Of all the roofing options available for your home, asphalt is by far the most popular. An estimated 80% of all American houses are built with asphalt roof shingles because of their performance, as well as their price. But too many homeowners don’t realize that not all asphalt shingles are created equal. Indeed, there are a handful of variations that will affect both the cost and the quality of your roof….
Asphalt Shingle Materials
Isn’t asphalt the type of roofing material? Yes, but the core of your asphalt shingles can be made from two different types of material. Tricky, huh? Here’s what you need to know:
Composition Shingles: This is essentially just another catch-all phrase for asphalt roofing. It uses asphalt and organic or fiberglass cores to create a “composite” shingle.
Organic Shingles: This type of shingle uses an organic core usually made from some mixture of wood and paper fibers that result in a felt-like material. This core used to be the standard, but it’s rarely used anymore due to lower life expectancy, although they can still be effective in colder, dryer climates.
Fiberglass Shingles: Fiberglass shingles use a fiberglass base that creates greater resistance to moisture, fire, and its lighter weight makes it easier to work with and install.
Asphalt Shingle Styles
Strip Shingles: The traditional asphalt strip shingle, commonly called “three-tab,” allows for a wide variety of patterns and light-and-shadow options. Each strip shingle is divided into three tabs to approximate the style of individual shingles with the easy installation of strips.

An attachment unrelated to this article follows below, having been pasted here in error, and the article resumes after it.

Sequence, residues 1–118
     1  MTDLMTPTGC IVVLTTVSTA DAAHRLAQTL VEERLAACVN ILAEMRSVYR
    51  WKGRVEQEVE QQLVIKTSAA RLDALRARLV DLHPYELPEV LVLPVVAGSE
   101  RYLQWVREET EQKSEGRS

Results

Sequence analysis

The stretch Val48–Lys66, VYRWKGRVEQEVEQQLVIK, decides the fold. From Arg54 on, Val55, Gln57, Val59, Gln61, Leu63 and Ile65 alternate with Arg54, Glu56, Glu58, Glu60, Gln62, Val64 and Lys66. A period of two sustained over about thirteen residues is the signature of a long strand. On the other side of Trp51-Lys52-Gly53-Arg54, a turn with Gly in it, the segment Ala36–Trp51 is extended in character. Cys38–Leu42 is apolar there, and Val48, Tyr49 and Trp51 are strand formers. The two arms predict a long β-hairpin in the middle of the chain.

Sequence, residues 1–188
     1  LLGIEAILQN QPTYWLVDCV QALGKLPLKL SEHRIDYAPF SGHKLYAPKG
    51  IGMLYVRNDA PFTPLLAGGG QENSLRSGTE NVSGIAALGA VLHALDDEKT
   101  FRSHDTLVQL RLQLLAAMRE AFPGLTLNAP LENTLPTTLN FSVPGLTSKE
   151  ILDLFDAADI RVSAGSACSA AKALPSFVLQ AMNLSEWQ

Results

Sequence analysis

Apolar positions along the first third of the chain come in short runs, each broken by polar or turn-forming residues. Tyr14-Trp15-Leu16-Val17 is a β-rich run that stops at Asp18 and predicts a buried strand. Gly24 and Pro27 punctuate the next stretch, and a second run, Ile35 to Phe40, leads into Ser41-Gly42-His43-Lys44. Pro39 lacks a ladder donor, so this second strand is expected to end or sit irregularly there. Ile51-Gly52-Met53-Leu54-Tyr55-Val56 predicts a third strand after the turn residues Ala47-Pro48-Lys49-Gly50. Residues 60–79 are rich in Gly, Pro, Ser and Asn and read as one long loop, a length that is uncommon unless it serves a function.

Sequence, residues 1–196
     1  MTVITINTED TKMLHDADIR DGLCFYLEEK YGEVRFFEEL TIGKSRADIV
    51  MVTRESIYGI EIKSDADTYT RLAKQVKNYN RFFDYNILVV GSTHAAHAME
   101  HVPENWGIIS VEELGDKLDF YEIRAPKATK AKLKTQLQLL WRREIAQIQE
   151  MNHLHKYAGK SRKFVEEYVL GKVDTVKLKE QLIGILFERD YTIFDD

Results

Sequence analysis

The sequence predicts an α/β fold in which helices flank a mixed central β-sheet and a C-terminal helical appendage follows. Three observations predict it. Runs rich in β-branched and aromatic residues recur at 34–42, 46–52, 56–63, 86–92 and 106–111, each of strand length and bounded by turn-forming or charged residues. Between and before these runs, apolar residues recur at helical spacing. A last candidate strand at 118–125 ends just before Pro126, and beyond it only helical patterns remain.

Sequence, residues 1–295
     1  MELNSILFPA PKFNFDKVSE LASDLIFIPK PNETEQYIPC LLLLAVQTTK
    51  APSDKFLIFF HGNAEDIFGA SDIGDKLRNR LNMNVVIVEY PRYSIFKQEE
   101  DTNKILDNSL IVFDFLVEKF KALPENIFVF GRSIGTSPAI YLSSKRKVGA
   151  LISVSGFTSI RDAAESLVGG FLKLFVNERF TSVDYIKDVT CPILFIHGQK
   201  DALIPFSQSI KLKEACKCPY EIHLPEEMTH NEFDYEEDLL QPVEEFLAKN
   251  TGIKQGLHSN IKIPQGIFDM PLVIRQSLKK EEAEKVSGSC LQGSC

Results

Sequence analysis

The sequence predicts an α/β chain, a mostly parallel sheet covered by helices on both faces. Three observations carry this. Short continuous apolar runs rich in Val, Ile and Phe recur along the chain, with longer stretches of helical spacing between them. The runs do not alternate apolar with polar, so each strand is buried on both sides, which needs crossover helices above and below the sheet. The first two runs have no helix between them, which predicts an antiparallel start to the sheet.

Laminated Shingles: Laminated shingles are also known as architectural shingles or three-dimensional shingles. These use varying thickness, spacing, and number to create dynamic, three-dimensional looks that are generally preferred by both architects and homeowners alike.
Interlocking Shingles: Interlocking shingles are, well, shingles that interlock. Less popular than strip and laminated, they are, nevertheless, a good option if you live in a particularly windy climate.
Individual Shingles: And you thought interlocking shingles were aptly named. The main advantage of individual shingles is the flexibility. You can find these in hexagonal patterns or rectangular configurations that allow for unique applications and style. The main disadvantage is the added cost of painstaking installation.
Problems with Asphalt Roof Shingles
While they are certainly popular and easily less expensive than other roof material, a common complaint about asphalt shingles has to do with their durability. Asphalt shingles come, as do most roofing materials, with a warranty. This warranty can be for as long as 50 years in some cases. The problem is that asphalt shingles have been known to become damaged before the warranty expires, and if the manufacturer determines your roofer didn’t install the roof according to “specifications,” you’ll be out of luck. In the end, asphalt roofing is still the most cost-effective roofing out there, but it does require greater diligence from the homeowner to find both a reputable manufacturer and a reputable roofing contractor to install it.